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Written by Sherry   
Wednesday, 30 May 2007 07:49

This is the sort of annual event that only two other cities in the US, Annapolis, Maryland and Newburgh, NY, witness: The annual military academy graduation with it's dramatic fly-overs over the town.

It is Air Force Academy graduation day - in this heavily military town, in the midst of a long war.

The war in Iraq is not an abstraction here. Thousands of local residents are in the middle of or preparing for their third tour of duty in Iraq. Liz, who is very active in my parish and generously loans Fr. Mike her car "Lazarus" when he is in town, is also a Colonel and has served in both Iraq and Kuwait. Men and women in military fatigues are a common sight - at Mass and around town.

On many flights back to Colorado Springs, I have sat near returning soldiers or watched their eager families waiting to greet them. As I watch and listen to them, I wonder:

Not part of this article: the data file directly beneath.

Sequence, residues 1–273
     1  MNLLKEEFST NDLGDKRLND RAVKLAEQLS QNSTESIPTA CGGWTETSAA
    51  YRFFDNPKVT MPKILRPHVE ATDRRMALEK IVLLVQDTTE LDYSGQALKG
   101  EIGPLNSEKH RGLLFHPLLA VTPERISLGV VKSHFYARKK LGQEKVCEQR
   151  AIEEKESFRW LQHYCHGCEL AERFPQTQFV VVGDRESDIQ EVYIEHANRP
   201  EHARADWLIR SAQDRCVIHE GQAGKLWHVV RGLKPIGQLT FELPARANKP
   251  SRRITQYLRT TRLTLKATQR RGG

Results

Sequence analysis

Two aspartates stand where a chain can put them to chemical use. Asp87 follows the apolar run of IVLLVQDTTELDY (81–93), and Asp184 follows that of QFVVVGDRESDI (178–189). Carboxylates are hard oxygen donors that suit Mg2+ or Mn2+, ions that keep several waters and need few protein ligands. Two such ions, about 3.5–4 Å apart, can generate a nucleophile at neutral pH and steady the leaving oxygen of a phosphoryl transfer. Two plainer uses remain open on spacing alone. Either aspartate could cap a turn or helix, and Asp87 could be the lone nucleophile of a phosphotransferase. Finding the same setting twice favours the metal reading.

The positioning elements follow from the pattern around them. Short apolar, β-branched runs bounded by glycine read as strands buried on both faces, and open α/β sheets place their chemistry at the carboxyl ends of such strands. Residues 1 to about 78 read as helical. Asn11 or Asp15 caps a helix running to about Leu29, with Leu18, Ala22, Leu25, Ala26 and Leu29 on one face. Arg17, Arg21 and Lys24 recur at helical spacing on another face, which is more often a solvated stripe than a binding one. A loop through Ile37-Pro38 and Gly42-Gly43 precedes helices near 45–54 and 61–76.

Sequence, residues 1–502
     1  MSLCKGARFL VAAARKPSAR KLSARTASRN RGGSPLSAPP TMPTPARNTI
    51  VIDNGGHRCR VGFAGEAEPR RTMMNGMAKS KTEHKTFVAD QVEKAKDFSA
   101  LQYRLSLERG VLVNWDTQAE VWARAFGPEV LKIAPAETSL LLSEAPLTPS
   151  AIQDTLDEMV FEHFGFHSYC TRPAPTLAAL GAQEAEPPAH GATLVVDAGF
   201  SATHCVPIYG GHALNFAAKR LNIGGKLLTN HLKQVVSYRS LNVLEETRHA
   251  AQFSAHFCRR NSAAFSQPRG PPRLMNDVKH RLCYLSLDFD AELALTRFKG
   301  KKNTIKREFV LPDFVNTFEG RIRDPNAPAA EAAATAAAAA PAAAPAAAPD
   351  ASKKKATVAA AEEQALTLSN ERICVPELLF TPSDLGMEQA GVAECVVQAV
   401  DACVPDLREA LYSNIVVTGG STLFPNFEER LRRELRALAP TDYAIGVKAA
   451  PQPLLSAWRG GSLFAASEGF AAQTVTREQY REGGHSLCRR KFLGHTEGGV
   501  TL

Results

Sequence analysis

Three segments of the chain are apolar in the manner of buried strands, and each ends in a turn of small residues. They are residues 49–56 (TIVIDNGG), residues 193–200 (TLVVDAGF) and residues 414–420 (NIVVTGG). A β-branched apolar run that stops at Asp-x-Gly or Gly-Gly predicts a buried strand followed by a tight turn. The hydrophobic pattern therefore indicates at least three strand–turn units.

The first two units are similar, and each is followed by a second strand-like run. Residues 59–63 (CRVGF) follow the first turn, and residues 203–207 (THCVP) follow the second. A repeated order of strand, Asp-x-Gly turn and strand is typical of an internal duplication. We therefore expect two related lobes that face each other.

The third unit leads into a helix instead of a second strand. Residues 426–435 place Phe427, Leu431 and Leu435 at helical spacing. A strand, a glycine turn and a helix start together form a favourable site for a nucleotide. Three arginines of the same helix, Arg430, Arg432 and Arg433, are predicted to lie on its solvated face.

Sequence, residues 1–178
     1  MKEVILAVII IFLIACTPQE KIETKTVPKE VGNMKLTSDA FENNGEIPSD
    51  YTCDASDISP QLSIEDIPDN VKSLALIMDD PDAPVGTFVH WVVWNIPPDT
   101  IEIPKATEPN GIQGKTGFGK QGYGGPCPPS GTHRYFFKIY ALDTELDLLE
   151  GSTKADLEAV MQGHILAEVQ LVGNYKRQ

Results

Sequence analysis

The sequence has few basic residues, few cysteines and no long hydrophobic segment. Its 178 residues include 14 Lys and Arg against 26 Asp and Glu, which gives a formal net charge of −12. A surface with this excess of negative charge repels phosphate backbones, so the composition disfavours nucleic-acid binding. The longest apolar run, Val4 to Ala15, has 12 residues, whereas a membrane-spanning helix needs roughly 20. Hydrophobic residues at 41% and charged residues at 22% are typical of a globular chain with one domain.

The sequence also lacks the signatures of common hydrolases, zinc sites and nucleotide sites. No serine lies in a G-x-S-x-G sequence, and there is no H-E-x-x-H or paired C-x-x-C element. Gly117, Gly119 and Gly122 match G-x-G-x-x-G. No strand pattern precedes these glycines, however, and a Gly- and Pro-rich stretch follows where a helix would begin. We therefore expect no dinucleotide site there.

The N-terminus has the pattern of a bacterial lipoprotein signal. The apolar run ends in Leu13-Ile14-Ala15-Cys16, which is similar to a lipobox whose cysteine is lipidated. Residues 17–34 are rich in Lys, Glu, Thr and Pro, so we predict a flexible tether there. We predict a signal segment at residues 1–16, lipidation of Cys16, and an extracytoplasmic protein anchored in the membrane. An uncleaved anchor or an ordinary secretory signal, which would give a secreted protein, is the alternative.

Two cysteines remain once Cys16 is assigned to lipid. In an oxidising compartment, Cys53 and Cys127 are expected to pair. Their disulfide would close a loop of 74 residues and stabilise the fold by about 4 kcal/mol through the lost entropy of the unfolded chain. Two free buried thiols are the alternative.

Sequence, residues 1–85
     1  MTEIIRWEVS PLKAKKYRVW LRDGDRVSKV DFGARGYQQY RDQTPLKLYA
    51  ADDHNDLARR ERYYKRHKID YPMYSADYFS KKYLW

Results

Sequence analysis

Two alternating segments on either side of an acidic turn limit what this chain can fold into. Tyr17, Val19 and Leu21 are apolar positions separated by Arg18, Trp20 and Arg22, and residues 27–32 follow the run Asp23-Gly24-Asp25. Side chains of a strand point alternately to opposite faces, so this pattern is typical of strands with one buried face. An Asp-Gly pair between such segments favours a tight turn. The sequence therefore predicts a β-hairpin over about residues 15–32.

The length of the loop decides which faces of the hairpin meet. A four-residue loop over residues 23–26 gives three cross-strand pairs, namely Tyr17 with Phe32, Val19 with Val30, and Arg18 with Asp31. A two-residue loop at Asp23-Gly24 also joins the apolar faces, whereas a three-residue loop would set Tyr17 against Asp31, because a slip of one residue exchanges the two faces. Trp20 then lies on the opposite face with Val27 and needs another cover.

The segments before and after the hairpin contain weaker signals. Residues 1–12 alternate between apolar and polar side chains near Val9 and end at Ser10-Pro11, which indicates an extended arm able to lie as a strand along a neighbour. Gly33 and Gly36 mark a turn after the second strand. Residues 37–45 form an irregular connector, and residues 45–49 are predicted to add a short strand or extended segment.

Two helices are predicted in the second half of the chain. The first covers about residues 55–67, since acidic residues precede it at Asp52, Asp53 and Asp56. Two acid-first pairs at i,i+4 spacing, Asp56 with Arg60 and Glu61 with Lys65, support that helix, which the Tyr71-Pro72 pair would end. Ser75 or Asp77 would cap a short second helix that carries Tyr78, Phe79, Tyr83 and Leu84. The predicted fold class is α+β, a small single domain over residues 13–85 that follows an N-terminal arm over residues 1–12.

How do you deal with the pressures of separation and possible injury and death? How do you deal with what you see, hear, and do on the battlefield? How do you, as a lay apostle, responsible for issues of government and war and peace, find your way through the minefield of moral and spiritual dilemmas involved?

A couple weeks ago, a retired military man gave his testimony at our parish. In passing, he mentioned that he had been away from the Church for many years before returning to the practice of the faith after retirement. One reason? For years, he had carried the keys to nuclear missiles around his neck and he felt he could not do that and practice his faith at the same time.

It is the sort of story you hear in a town like this. Where the local paper produced this moving on-line memorial to local soldiers who have died in Iraq since 2003.

All 219 of them. As of Monday.

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